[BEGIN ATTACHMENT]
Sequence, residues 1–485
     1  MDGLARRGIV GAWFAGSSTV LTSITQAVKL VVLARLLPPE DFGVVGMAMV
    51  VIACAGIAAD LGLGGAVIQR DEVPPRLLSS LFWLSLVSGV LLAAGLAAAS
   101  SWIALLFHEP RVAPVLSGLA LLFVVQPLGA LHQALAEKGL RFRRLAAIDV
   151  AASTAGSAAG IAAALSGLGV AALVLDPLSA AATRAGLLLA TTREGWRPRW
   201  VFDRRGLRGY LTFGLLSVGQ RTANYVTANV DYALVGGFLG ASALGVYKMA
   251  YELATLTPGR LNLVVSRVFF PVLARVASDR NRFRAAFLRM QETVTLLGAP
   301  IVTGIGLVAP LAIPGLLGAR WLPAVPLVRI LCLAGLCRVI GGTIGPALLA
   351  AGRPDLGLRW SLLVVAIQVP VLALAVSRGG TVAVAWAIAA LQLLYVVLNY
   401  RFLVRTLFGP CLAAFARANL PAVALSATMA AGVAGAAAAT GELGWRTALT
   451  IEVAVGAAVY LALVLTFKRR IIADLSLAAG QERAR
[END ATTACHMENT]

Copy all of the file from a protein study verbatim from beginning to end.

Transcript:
Sequence, residues 1–485
     1  MDGLARRGIV GAWFAGSSTV LTSITQAVKL VVLARLLPPE DFGVVGMAMV
    51  VIACAGIAAD LGLGGAVIQR DEVPPRLLSS LFWLSLVSGV LLAAGLAAAS
   101  SWIALLFHEP RVAPVLSGLA LLFVVQPLGA LHQALAEKGL RFRRLAAIDV
   151  AASTAGSAAG IAAALSGLGV AALVLDPLSA AATRAGLLLA TTREGWRPRW
   201  VFDRRGLRGY LTFGLLSVGQ RTANYVTANV DYALVGGFLG ASALGVYKMA
   251  YELATLTPGR LNLVVSRVFF PVLARVASDR NRFRAAFLRM QETVTLLGAP
   301  IVTGIGLVAP LAIPGLLGAR WLPAVPLVRI LCLAGLCRVI GGTIGPALLA
   351  AGRPDLGLRW SLLVVAIQVP VLALAVSRGG TVAVAWAIAA LQLLYVVLNY
   401  RFLVRTLFGP CLAAFARANL PAVALSATMA AGVAGAAAAT GELGWRTALT
   451  IEVAVGAAVY LALVLTFKRR IIADLSLAAG QERAR